Despite the old adage, breeding rabbits in your backyard isn’t as simple as it sounds. For starters, your city’s ordinances or homeowners’ association may not allow it. It also takes time, money and research to produce healthy bunnies in a responsible manner.
Things to Know
Decide why you want to breed rabbits, which serve multiple purposes. Like cats and dogs, well-socialized rabbits provide companionship for humans. Some breeders sell rabbits for food because they provide a low-fat, low-cholesterol source of protein. Angora rabbits are prized for their long fur because it’s softer and silkier than cashmere. Authoritative sources like the House Rabbit Society and the American Rabbit Breeders Association Inc., or ARBA, provide good starting points for beginners.
Don’t breed rabbits unless they’re healthy and sexually mature. Find a reputable veterinarian trained in rabbit care. Proper health care is essential to breeding healthy rabbits. Ask an experienced rabbit breeder to act as your mentor for another valuable source of support and information.
Smaller rabbits mature faster than larger breeds. Depending on the breed, it may take anywhere from four months to a year for a rabbit to reach maturity. Female rabbits, or does, don’t go into heat. Mating with a male rabbit, or buck, induces ovulation about 10 to 13 hours later, according to the Washington State University Extension’s “Raising Rabbits: Helpful Suggestions for Beginners.” One buck usually is enough to service 10 to 20 does, according to the extension’s guide.
Keep the doe and the buck separate. Check the doe’s external genitals, or vent, when you’re ready to breed the pair. You’ll have better results if the doe’s vent is a vivid red, pink or purple. Clean each rabbit’s genitals before mating them. Take the doe to the buck’s cage, which should be cleared of toys. If you bring the buck to the doe, he may become distracted by the new space or the doe may become aggressive. The rabbits may chase each other or take a few tries before the mating begins. The doe will lift her back end once she’s willing to accept the buck. Remove the doe from the cage after the buck falls onto his side.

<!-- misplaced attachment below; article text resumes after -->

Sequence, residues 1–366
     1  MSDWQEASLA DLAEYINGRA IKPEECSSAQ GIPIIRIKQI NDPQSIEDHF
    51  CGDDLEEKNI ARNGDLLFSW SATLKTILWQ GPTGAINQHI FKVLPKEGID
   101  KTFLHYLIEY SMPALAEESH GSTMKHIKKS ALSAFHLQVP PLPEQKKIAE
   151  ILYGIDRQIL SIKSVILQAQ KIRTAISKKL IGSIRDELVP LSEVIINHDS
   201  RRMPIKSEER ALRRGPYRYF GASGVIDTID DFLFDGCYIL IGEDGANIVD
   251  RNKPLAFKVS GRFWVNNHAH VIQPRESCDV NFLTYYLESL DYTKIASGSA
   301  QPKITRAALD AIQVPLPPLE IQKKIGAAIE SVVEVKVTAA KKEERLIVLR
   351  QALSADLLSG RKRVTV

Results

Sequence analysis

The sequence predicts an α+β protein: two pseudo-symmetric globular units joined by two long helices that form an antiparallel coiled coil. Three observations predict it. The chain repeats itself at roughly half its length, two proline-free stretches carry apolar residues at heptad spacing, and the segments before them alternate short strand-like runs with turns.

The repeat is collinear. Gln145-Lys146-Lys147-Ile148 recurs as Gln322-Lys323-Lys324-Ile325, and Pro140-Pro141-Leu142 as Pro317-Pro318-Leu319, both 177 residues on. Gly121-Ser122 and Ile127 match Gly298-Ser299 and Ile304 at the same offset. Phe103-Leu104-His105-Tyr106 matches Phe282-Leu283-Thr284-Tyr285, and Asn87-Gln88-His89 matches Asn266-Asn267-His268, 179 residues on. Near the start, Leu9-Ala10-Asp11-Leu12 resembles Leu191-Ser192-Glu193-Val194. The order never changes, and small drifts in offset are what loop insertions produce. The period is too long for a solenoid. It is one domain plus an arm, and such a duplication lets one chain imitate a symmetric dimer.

Don’t put the doe in the buck’s cage if either one seems stressed. Breed the pair again a few hours after the first mating for a greater chance of success. However, treat the doe as if she’s pregnant after the second mating. Don’t try to breed her again a few days later, advises ThreeLittleLadiesRabbitry.com. Does have two uterine horns and can become pregnant in both horns. This increases the risk of complications and death for the mother and her babies.
Treat potentially pregnant does gently to avoid a miscarriage, recommends “Raising Rabbits: Helpful Suggestions for Beginners.” Ask your veterinarian or mentor to show you how to check the doe for pregnancy. This usually includes palpating the doe about two weeks after the mating. Place a nest box in the doe’s cage about 28 days after the mating. The nest box provides a safe place for the babies during and after birth.
Check the nest twice a day near the end of the pregnancy. A doe usually gives birth about 30 days after conception. The babies, or kits, won’t open their eyes for about 14 days. By 21 days, the kits begin hopping out of their nest box. They usually need to stay with the doe for at least eight weeks.
Don’t expect to make a huge profit breeding rabbits in your backyard, recommends Dana Krempels, Ph.D., of the University of Miami. It takes money to properly feed, house and care for rabbits. While breeders make money selling rabbits, the profits usually go back into their breeding programs.